The Duck Commander says other types of movement can add to a decoy spread's effectiveness as well.
"It's a good idea to add some swimmers," he says, "such as the models that have a bilge pump in them or some you've rigged with jerk strings. Decoys that are moving and putting off ripples really work to draw birds in, especially when they're placed in thickets and brush. The ducks see them and just drop in. Given the option between flappers and swimmers, we ideally want swimmers. The ripples they create work best to bring ducks into shooting range."
Commander's Calling Tips
You might think that a man whose livelihood is making and selling duck calls would blow a call often while hunting, but such is not the case with the Duck Commander.
"We call less than most people overall," says Robertson. "If you watched us all morning, you would not hear a lot of calling. The ducks that reach us have flown a gauntlet and heard a lot of racket, and we seldom call at them if they're coming toward us. In timber, you can't see a great distance anyway because trees block your vision. You might be able to see only 100 yards or less. We're in the spot the ducks want to go to already; they're coming to that spot.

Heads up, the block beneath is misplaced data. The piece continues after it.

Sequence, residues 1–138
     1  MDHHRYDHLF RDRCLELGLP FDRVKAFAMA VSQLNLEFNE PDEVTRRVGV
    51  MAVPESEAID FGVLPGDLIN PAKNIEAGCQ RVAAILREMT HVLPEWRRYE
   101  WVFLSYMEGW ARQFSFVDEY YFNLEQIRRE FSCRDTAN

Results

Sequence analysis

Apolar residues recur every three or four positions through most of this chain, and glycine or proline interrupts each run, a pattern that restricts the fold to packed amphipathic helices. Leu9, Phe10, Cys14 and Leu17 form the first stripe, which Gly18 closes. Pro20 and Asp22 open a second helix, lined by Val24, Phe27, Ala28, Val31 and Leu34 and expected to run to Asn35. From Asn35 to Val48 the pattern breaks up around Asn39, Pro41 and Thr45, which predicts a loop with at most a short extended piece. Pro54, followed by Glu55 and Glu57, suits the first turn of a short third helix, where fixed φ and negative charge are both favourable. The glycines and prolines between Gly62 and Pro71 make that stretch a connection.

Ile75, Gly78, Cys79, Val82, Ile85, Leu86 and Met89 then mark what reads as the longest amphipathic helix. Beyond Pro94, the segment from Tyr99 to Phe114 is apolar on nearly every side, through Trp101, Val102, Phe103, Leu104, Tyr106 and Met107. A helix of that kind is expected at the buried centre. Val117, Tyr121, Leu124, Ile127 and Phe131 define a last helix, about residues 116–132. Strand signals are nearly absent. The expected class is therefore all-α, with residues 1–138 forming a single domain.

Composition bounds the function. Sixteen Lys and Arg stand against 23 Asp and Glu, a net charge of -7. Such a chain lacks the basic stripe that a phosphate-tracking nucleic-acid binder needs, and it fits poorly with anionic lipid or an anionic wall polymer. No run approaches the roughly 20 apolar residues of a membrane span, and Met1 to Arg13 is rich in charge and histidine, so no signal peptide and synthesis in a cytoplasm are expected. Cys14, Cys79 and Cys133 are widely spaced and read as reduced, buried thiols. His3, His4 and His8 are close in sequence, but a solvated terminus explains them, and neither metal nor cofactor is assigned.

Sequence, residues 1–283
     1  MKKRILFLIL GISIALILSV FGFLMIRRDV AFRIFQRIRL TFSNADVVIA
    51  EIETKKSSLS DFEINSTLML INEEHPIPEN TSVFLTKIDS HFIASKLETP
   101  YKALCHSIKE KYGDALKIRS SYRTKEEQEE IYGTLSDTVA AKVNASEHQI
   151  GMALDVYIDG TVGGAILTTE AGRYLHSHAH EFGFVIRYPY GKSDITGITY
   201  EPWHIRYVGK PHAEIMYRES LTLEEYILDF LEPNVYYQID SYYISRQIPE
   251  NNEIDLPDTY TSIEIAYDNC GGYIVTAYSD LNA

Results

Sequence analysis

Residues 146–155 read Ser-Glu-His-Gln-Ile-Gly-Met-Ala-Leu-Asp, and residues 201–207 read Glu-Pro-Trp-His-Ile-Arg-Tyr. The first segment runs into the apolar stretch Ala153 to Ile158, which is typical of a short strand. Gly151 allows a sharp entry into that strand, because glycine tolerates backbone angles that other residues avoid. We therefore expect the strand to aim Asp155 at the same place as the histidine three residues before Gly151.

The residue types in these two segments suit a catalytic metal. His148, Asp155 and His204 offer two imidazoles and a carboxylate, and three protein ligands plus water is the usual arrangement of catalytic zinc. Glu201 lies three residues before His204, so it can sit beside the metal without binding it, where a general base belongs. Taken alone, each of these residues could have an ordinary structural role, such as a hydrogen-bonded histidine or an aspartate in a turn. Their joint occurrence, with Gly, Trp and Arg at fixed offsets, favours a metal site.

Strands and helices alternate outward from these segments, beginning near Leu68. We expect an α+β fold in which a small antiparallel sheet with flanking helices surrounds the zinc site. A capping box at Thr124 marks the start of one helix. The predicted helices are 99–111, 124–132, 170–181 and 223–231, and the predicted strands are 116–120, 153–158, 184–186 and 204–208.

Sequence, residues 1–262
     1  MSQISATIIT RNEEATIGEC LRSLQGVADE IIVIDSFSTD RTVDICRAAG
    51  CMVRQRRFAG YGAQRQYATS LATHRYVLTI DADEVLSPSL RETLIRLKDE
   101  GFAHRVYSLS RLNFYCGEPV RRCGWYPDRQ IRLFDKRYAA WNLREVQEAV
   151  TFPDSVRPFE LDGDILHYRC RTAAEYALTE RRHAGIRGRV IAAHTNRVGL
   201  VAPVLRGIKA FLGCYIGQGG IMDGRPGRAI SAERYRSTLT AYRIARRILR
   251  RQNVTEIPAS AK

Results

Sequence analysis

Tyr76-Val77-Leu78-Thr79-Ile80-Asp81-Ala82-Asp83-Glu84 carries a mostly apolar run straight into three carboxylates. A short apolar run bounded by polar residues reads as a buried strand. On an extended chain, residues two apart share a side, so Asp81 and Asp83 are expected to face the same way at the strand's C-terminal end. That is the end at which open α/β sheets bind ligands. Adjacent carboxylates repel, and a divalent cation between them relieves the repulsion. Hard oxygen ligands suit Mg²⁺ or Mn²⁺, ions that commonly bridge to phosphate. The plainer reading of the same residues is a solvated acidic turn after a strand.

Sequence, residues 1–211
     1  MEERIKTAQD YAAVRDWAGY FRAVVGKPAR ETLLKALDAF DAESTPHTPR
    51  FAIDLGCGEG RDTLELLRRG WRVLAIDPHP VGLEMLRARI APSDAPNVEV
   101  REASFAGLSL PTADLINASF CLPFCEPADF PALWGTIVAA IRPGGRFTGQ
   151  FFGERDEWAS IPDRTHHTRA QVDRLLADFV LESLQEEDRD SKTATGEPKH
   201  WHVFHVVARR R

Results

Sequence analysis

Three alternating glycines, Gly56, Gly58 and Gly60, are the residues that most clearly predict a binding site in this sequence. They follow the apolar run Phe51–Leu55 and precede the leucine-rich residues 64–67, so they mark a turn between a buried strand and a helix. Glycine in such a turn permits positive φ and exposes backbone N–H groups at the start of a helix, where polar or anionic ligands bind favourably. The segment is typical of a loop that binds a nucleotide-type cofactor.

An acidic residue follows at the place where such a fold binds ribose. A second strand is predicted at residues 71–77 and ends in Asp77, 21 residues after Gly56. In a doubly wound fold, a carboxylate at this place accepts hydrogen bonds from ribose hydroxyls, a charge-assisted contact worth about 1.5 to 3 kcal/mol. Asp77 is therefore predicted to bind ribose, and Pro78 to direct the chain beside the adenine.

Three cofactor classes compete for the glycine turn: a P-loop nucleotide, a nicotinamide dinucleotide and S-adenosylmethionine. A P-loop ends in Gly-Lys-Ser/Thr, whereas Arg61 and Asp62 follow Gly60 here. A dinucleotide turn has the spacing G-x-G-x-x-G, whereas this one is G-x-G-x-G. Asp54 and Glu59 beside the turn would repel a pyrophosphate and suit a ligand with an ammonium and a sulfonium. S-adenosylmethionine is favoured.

We don't want to do anything that would spook them away from where they want to go, so we call sparingly—short little licks, three or four notes. When the ducks turn, then we blow a little quicker. We call when they're to the side of us going away, or we call at their butts. If they are coming toward us, we just sit there and let them see the ripples in the thicket. They think ducks are there without us doing anything ourselves. When they pass over, we look back as they come overhead. If they turn themselves, we still don't call. Everything is rocking and rolling. The next time they come back over, at a range of about 60-70 yards, that's when we'll hit them a lick.